If the water has not penetrated far enough, restart the watering and continue to keep track of the time. Check again in another 15 minutes. With trial and error, you’ll eventually arrive at the optimal length of time to water for your soil type and water pressure.
Growing Grass Under Trees
The key to growing grass under trees is to match shade-tolerant varieties with your local climate. Red and tall fescues work in cool-weather zones and St. Augustine grass works in warmer areas. Learn about growing grass under trees.
One of the biggest mistakes made by lawn owners who have a sprinkler system is overusing it! Too much water is costly, wasteful and bad for your lawn. Water early in the morning, not during the afternoon when it’s hot or when it’s windy. More of that precious water will make its way to the roots.
Space irrigation cycles as far apart as possible. Let the grass wilt and turn a little blue before watering again. The less you water, the deeper those grass roots will go to look for it. This is a good thing! Overwatering discourages roots from penetrating deep into the soil. They are encouraged to stay close to the surface where the moisture is. A lawn with shallow roots dries out quicker. Not good!
Use Weed Killers Sparingly
Eliminate weeds in your lawn and prevent their return by maintaining healthy grass, using a minimum of weed killers and good timing. We show you six strategies that simplify weed control and reduce your weed patrol chore. Learn how to eliminate weeds from your grass.
Lawn Watering Wisdom
- Adjust your watering to the conditions. Different areas of your lawn will have different watering requirements. The key is to make note of this as you water so you can tailor your watering. For example, south-facing hills may require more water; areas under trees, less.
- Keep watering in a drought. Don’t believe the common wisdom that grass goes dormant in a drought. If you don’t provide your grass some moisture in a drought, it will die.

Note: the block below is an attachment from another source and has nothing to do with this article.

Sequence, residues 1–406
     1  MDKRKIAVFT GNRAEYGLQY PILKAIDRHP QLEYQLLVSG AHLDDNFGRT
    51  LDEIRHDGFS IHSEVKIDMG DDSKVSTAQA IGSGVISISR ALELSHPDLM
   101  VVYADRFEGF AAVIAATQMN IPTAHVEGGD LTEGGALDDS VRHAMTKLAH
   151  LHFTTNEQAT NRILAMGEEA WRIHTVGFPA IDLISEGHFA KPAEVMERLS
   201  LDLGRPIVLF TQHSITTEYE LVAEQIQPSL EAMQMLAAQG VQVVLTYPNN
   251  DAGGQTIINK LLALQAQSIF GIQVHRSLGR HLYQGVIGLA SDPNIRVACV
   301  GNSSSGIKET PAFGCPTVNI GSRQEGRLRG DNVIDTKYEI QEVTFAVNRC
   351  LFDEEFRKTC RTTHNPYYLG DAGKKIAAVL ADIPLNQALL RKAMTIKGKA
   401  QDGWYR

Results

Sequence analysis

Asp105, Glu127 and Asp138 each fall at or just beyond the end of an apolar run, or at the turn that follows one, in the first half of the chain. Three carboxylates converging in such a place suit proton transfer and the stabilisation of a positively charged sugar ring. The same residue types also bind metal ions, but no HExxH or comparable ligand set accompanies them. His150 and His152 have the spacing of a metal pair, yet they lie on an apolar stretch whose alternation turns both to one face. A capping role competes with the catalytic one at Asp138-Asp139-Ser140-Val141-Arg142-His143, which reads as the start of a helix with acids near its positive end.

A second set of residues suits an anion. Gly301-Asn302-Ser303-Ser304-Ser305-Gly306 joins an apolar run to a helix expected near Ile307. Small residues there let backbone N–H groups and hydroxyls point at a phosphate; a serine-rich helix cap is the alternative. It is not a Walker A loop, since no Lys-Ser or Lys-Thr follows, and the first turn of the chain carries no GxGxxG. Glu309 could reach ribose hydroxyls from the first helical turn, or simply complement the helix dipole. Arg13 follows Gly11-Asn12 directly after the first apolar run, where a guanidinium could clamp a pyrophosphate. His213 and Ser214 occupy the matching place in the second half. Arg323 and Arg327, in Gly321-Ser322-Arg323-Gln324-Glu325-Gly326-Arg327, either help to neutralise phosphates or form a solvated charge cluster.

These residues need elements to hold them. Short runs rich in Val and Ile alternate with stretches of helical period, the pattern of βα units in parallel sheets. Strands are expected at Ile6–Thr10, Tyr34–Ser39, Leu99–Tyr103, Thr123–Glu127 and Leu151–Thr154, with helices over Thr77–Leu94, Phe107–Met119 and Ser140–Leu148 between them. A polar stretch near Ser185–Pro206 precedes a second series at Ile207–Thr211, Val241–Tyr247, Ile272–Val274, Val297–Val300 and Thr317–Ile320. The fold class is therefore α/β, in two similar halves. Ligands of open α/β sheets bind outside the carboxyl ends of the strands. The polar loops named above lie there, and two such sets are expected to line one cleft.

- Water in the morning if possible. The grass can benefit from the water all day long. Plus, watering in the evening may encourage the growth of harmful fungi.
To apply compost, spread it over your lawn with a shovel, aiming for a layer 1/4 to 1/2 in. thick. Then work it into the turf with a rake. It’s best to do this after aerating. Most garden centers sell bagged compost. But to cover an entire yard, you’re better off buying in bulk from a garden center. Don’t worry about buying too much?any leftovers will benefit your garden and shrub beds.
For Healthy Grass, Adjust Your Soil pH
Note: Lawn and garden centers sell do-it-yourself pH testers; more accurate tests can be performed by extension services.
Buy an Impact Sprinkler on a Tripod
The Best Lawn Advice is Locally Grown
Install an Inexpensive Irrigation System
Programmable timers allow you to choose the time of day and duration that the connected sprinkler will run. Read product descriptions and online reviews carefully to determine which timer is right for your situation, since different models have different functions and abilities.
Feed Shady Areas Less
People tend to overapply fertilizer to shady areas because the grass is struggling. But that just kills it faster!
Many people really have two lawns—a lawn that gets full sun for most of the day, and a shaded lawn that may get only two to four hours of direct sun—and their water and fertilizer needs are different. The grass in shady areas needs less water because less evaporates, and it needs less fertilizer because with less sun it doesn’t grow as much. When you go into shade, shift the controls on the spreader so you’re spreading about half the amount.
Run All Sprinklers at Once When Using Well Water
Broadcast Spreader Technique
The best way to find out the actual dispersal pattern for your broadcast spreader is to do a test run on your driveway and then measure the results. Clean off a 12 x 20-ft. section of the driveway. Close the flow lever on your spreader and set the controls for the product you’re using. Fill the spreader—do this on the driveway or sidewalk to avoid spills on the grass—then open the flow lever and push the spreader several feet down the center of the driveway at your normal pace, continuing for a few steps after you close the hopper.
Measure the average dispersal pattern to the sides and front. (Note: The right side of the dispersal pattern for spreaders is wider than the left side.) Sweep up the test material and dump it back into the spreader, then apply the material to your lawn, walking back and forth in the long direction on your lawn (Figure A). Overlap each course 6 to 12 in., but close off the flow when you make tight turns. Walk the spreader up the center of the driveway, then measure the total width and the width on each side. Apply a ‘header strip’ around the perimeter of the yard, then fill in the middle. Shut off the spreader when you turn.
6 Common Lawn Problems and How to Fix Them
Try these expert and homeowner-tested solutions to common backyard landscape problems—eroding slopes, a shady lawn, wet soil, bad soil, mushrooms and swampy areas. Photo courtesy of EnergyScapes. Discover 6 common lawn problems and how to fix them.